For Immediate Release - April 11, 2007

Mortgage Summit Working Groups Release Report

Governor Patrick Applauds Bold Recommendations to Prevent Foreclosures, Save Homes and Improve Consumer Education

The Office of Consumer Affairs and Business Regulation and the Division of Banks today released a report outlining a foreclosure prevention strategy for Massachusetts. The report was prepared by members of two Working Groups that were formed as a result of a Mortgage Summit held last year.

"The efforts of these working groups reflect the kind of aggressive, industry wide reforms that need to be made in order to solve the rising foreclosure issues that currently plague Massachusetts," said Governor Deval Patrick. "It is vital that we utilize all tools at our disposal to save homes and provide stability to families and communities throughout the Commonwealth."

In response to rising foreclosures both locally and nationally, increasing evidence of mortgage fraud, and other developments in the mortgage market, Commissioner of Banks Steven L. Antonakes convened a Mortgage Summit in November 2006 with nearly 50 participants from government agencies, non-profit organizations, and the mortgage lending industries to develop a foreclosure prevention strategy. After this Summit, two Working Groups were formed in December 2006 and began meeting in January 2007: one looking at rules and enforcement and the second focusing on consumer education and foreclosure assistance. The purpose of the Working Groups was to take the ideas of the Summit and develop concrete recommendations to both help consumers confronted with the loss of their homes as well as to address longer-term issues affecting communities across the Commonwealth of Massachusetts.

Some of the longer term issues affecting the state were revealed in a study recently conducted by Massachusetts Affordable Housing Alliance, which revealed that African-Americans and Latinos in the Boston metropolitan area who own single-family homes are much more likely to have a subprime loan than their white counterparts. Thomas Callahan, Executive Director of MAHA says of the Mortgage Summit Report, "MAHA looks forward to implementing the Working Group recommendations and other long-term solutions to all of the problems that rob homeowners of the American Dream."

Director of Consumer Affairs and Business Regulation Daniel C. Crane stated, "When implemented, the recommendations of the Mortgage Summit Working Groups will help consumers confronted with the loss of their homes. The Office of Consumer Affairs is committed to working with the Division of Banks and other stakeholders to ensure that consumers realize the benefits of these recommendations." Director Crane further stated, "I want to thank all of the members of the Mortgage Summit and the Working Groups who devoted their time and energy to address growing foreclosure problems in Massachusetts."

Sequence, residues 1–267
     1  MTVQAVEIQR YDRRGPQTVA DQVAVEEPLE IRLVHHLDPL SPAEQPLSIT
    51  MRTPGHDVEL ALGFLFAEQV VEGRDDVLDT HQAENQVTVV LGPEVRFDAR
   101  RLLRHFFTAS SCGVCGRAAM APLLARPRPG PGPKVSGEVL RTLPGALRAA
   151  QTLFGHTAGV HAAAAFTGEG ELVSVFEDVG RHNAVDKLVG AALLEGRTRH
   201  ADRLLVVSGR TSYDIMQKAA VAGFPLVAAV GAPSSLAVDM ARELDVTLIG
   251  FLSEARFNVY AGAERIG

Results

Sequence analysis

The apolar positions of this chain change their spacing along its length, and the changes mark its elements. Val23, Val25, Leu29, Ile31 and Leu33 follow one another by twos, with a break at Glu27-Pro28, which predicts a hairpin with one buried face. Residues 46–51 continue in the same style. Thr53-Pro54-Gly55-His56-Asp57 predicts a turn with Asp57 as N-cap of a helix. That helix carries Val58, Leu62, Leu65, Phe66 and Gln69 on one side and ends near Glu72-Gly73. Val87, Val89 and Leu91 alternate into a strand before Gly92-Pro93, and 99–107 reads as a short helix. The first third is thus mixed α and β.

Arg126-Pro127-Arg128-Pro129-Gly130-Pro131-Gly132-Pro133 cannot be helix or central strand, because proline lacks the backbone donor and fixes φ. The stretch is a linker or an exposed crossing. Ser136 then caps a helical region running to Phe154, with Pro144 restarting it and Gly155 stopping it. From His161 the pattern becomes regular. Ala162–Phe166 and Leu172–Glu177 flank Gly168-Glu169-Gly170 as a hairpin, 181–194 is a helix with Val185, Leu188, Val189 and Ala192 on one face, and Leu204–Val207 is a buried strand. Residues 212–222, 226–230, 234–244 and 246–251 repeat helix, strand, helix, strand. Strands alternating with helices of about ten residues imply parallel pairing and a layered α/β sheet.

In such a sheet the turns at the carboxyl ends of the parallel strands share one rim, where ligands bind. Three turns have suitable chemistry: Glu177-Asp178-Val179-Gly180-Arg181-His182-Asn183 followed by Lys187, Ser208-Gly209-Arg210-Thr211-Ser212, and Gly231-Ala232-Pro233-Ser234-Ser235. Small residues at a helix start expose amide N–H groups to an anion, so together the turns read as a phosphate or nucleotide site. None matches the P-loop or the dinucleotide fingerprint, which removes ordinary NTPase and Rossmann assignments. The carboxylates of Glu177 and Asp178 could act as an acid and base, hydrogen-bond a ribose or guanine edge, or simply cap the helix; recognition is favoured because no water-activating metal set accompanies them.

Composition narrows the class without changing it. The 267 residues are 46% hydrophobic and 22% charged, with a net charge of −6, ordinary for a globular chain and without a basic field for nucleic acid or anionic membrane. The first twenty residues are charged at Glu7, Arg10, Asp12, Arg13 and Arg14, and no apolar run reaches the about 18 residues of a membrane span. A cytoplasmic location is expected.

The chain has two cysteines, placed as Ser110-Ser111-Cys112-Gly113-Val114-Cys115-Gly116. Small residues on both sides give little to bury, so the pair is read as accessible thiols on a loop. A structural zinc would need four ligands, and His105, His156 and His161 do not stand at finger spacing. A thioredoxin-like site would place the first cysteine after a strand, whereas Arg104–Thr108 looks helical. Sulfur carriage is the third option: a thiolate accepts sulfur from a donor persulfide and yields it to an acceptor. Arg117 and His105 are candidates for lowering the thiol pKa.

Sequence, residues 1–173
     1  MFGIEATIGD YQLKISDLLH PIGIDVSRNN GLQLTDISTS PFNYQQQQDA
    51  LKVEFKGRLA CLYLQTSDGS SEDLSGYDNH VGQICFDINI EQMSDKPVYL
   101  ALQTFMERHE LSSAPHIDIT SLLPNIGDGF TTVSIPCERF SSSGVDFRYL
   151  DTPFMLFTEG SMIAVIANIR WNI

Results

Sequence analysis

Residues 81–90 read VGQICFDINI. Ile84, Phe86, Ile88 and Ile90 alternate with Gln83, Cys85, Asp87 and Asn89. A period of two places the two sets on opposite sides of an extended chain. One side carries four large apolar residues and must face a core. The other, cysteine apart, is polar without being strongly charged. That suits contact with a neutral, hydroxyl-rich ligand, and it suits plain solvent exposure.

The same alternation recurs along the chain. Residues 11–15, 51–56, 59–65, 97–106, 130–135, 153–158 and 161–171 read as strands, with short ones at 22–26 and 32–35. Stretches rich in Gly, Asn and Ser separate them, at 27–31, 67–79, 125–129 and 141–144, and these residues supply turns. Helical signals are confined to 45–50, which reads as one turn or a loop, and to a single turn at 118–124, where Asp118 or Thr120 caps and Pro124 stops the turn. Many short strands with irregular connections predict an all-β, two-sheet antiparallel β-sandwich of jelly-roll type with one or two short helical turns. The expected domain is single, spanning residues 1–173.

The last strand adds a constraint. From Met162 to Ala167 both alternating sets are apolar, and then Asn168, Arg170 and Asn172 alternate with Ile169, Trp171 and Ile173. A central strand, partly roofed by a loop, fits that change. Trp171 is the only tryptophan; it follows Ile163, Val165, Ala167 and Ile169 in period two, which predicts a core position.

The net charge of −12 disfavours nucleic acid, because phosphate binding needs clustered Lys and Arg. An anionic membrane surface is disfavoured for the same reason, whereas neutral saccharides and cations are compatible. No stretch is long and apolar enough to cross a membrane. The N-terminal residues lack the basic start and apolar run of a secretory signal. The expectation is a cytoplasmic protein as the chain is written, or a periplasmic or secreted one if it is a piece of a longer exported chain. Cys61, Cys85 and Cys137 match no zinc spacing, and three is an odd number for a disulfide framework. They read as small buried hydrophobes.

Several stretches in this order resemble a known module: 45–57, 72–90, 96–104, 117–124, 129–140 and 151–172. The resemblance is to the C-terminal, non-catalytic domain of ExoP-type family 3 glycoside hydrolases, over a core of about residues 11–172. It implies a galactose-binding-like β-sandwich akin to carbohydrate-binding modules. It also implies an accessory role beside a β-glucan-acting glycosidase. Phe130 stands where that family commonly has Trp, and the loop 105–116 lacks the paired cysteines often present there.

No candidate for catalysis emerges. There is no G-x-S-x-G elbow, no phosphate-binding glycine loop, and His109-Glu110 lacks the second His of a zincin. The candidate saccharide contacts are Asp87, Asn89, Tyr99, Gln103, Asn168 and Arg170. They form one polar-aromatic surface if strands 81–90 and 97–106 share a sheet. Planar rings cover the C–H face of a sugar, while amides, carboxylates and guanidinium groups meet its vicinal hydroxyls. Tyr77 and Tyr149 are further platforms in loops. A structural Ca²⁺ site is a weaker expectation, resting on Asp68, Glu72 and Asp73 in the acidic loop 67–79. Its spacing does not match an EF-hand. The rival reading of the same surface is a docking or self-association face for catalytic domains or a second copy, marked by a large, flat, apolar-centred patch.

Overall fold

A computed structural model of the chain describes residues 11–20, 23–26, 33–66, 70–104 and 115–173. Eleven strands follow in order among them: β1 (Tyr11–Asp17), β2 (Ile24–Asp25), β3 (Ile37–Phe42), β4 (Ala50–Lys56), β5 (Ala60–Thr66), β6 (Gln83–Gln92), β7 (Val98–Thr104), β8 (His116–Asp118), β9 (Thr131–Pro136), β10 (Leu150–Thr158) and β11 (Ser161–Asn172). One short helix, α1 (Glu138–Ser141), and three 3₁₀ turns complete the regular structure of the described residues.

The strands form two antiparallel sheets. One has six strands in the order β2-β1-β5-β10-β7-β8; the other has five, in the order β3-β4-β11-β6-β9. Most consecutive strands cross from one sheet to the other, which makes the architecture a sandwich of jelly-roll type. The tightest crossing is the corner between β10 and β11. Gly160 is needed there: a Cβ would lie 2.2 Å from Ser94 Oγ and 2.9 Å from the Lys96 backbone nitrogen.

The report released today summarizes the recommendations of the Working Groups and is intended to be used by all stakeholders, including legislators, regulators, law enforcement, the mortgage lending industry, community and non-profit groups, and others to help address the rising number of subprime and nontraditional mortgage loans, growing evidence of mortgage fraud, and the subsequent rise in foreclosures in Massachusetts.

Commissioner Antonakes stated, "We cannot allow the record gains in homeownership over the past 15 years in low and moderate-income communities across the Commonwealth to be lost. The Mortgage Summit Working groups have presented a series of recommendations that will better protect consumers and enhance the supervision of the mortgage lending industries."

Below is a summary of some of the recommendations of the Mortgage Summit Working Groups:

  • Criminalize the act of mortgage fraud.
  • Support the multi-state licensing system for mortgage lenders and brokers being developed by the Conference of State Bank Supervisors.
  • Raise the standards for applicants to become licensed as a mortgage lender or mortgage broker.
  • Prohibit abusive foreclosure rescue schemes.
  • Increase enforcement resources at the Division of Banks to supervise existing mortgage lenders and brokers and, if applicable, mortgage loan originators.
  • Implement changes to the foreclosure process to better protect consumers, including a required Notice of Intention to Foreclose, during which no additional fees could accrue, and a right to cure provision to allow a consumer the ability to pay all payments in default.
  • Stop unfair and deceptive marketing and advertising practices.
  • Recommend guidance to clarify that borrowers should be qualified based on their ability to repay a loan at a fully-indexed rate, particularly non-fully amortizing mortgages or so-called Hybrid adjustable rate mortgages.
  • Increase funding for pre- and post-purchase homebuyer counseling.
  • Create a dedicated website devoted to financial education resources in Massachusetts.
  • Increase support and resources for foreclosure prevention counseling and intervention to help consumers facing the loss of their homes.
  • Encourage lender forbearance as an alternative to foreclosure.
  • Develop a foreclosure intervention mortgage program for those persons at risk of foreclosure who could still qualify for financing with flexible terms and credit enhancements.